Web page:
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Original Japanese Woodblock Print: by Toyokuni III 1853 Tales Of Genji Iris Garden

Original Japanese Woodblock Print: by Toyokuni III 1853 Tales Of Genji Iris Garden

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By Toyokuni III, one of the titans of Japanese art, this is an original Japanese Edo era woodblock print.  Guaranteed original Ukiyo-e (woodblock print) c1853 by the artist Toyokuni III, aka Kunisada Tsunoda (1786 – 1865) of the Utagawa school. This print shows Prince Genji enjoying the Palace Gardens with iris in full bloom, one of the Four Seasons series.

Very good impression and color, some light foxing and small tears at edges, print remains in overall very good condition. Signature: Toyokuni ga 豊国画

This is a standard Oban size and each of the three prints measures roughly 10" wide by 14 1/2" tall (25 x 37 cm). The print may be loosely rolled for shipping. 

Toyokuni III, born in Edo (modern-day Tokyo) in 1786, emerged as one of the most celebrated figures in Japanese ukiyo-e art. Apprenticed to the renowned Toyokuni I, he swiftly mastered the techniques of woodblock printing, painting, and design. Upon his master's passing in 1825, he assumed the prestigious name Toyokuni III, marking the continuation of a legacy that would profoundly influence the ukiyo-e tradition.

With a deft hand and keen artistic sensibility, Toyokuni III embarked on a prolific career, crafting a diverse portfolio of prints that captivated audiences across Japan. His work spanned a wide array of subjects, from dynamic kabuki actor portraits pulsating with life to enchanting bijin-ga showcasing the timeless beauty of women. Each piece bore the hallmark of his meticulous attention to detail and his masterful command of color and composition.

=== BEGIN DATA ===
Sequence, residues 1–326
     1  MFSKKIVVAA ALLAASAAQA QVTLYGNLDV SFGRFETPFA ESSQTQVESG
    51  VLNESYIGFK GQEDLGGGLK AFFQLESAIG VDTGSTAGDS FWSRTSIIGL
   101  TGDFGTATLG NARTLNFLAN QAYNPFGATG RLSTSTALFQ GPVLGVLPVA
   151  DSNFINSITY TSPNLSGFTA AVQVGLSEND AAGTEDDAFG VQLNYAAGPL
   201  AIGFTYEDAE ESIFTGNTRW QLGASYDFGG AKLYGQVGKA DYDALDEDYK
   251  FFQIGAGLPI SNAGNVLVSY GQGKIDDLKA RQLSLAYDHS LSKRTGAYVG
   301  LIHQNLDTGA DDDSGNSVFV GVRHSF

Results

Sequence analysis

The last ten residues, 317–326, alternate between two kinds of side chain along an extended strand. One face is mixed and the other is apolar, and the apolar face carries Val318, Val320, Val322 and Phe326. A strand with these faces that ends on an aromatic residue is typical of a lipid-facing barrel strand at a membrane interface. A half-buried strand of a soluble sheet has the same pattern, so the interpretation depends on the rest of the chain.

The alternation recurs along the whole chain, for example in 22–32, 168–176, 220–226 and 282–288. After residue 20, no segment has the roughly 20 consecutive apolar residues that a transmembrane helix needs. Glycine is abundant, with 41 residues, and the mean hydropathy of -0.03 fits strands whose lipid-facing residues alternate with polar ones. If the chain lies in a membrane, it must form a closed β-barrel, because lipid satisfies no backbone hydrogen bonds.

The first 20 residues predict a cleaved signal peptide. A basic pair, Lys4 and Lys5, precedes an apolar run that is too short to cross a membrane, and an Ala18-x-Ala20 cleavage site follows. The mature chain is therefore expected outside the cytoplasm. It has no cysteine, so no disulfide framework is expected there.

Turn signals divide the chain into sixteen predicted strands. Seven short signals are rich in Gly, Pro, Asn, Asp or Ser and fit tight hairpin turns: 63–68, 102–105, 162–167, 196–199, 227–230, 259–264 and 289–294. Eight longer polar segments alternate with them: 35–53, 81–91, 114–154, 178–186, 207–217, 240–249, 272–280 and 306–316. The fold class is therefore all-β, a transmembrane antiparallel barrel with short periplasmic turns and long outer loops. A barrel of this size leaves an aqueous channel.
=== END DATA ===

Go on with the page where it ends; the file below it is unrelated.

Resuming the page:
Throughout his lifetime, Toyokuni III's artistic vision evolved in step with the changing tastes and trends of his era, yet he remained steadfast in his commitment to excellence. His prints not only captured the essence of Edo-period Japan but also served as a mirror reflecting its vibrant cultural tapestry.

Toyokuni III's legacy endures as a testament to his unparalleled talent and dedication to his craft. His contributions to the ukiyo-e tradition continue to inspire admiration and appreciation among enthusiasts and scholars alike, ensuring his rightful place as a titan of Japanese art history.

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